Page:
• In addition to it being easy to change the obfuscation, the obfuscation doesn’t actually aid the app function in any way. As with all scraping, anything you use as a point-of-reference to scrape a webpage should be as unlikely to change as possible. This is because every change of your points-of-reference will break your bot (which you’ll have to fix!). This is true regardless of it being a CSS selector, or an obfuscated JavaScript file. Scraping by using points-of-reference that aid the app make it so your hard-work is less likely to be broken by site changes.
  • It requires a lot of experience with JavaScript and reverse engineering to accomplish. There are plenty of anti-debugging tricks which can make the whole process very painful for people looking to try.

That’s far too much work for us, let’s work smart instead of hard (OK reverse engineering requires plenty of smarts, but regardless…). We’ll do this by tackling the problem at a different layer: the browser.

Full Browser Scraping with Puppeteer vs Raw HTTP Requests

When working on a scraping project you often have to make the choice of going the route of doing raw HTTP requests or using a full web browser to do the scraping.

The pros of going with raw HTTP requests are generally:

  • Speed of scraping: Generally scraping via raw HTTP requests is much faster because you can write a script to only request exactly the endpoints necessary to scrape the data you need. You can skip all of the unnecessary steps (loading webpage resources, rendering DOM elements, etc).
  • Stability: Put simply, doing raw HTTP requests and reading the responses can often be much more stable compared to using a full web browser. A full web browser loads the page, loads all of the page’s resources, evaluates JavaScript, renders DOM elements, and much more. This all introduces variability which can often break your bot, whether through some DOM and AJAX timing, or from a bad ad tanking your browser.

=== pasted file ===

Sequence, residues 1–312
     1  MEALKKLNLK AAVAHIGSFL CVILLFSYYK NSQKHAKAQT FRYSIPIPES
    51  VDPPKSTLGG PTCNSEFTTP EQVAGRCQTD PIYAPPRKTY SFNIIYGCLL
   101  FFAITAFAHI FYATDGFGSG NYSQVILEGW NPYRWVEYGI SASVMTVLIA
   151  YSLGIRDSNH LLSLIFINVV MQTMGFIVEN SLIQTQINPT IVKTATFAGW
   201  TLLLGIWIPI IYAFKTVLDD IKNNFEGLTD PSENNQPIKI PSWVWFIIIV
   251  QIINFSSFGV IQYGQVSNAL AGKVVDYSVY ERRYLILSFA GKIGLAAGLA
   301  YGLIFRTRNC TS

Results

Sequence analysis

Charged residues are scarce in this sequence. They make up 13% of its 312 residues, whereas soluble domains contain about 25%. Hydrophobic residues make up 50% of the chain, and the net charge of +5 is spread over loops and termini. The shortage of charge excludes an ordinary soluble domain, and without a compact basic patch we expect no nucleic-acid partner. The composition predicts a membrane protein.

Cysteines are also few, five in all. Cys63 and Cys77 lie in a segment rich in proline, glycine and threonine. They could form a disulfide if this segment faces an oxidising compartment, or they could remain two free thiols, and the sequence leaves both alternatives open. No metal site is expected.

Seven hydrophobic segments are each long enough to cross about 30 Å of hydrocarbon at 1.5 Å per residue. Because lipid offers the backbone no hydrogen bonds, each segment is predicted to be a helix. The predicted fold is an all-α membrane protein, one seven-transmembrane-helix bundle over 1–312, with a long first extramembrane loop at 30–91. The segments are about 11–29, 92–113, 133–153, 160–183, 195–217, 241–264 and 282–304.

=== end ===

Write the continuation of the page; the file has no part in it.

• Easier to Scale: Spinning up a bunch of concurrent HTTP requests is usually much easier than spinning up a bunch of concurrent web browsers. However, you can spin up thousands of browsers in Refinery by returning an array, so this point is usually moot for me.

The pros of going with headless browser scraping are generally:

  • Less time spent on reverse engineer the app: Since you’re using a web browser to scrape a site, you’re using the page how a legitimate user uses it. This means that you don’t have to reverse engineer the JavaScript of the app to figure out how to set up HTTP requests to scrape the data you want. You can instead just scrape the data from the DOM, extract it from the page’s variables, or call existing in-app functions.
  • Stealth: A regular browser loading all of the resources of the page is often much more stealthy than just doing raw HTTP requests. When doing raw HTTP requests, are you being careful to ensure your headers are ordered like a browser? Are you making sure to request the same resources as the browser? Are your cookies handled correctly? Doing any of these things differently than a browser can lead to detection, and there are endless tricks to fingerprint your HTTP client*.
  • Visual debugging: Using a full web browser is often easier just because you get to see the full picture of what’s happening in the browser much more clearly. You also have a wide variety of built-in developer tools for Chrome which are extremely helpful for scraping and debugging.

*To be fair, fingerprinting a browser to figure out if it’s a bot is also entirely possible (there are even more data points to fingerprint if it’s a full browser vs a low-level HTTP client). However, this is less common and ultimately emulating the “real case” is almost always going to be the most stealthy method possible.

Generally speaking, the more complicated/obfuscated the web app, the quicker I’ll just reach for utilizing a full web browser.

“What would be the most painful to change?”: Choosing a Stable Scraping Technique

Doing a quick assessment of the site, I assessed a couple of potential routes for browser-level scraping:

  • Calling existing-app functions to extract the coordinate data: Painful. Multiple layers of obfuscation of the JavaScript are used.
  • Doing raw HTTP requests: Painful. The API requests and responses are obfuscated as discussed earlier in the post. Additionally detection and blocking was implemented for HTTP clients not doing proper request formatting.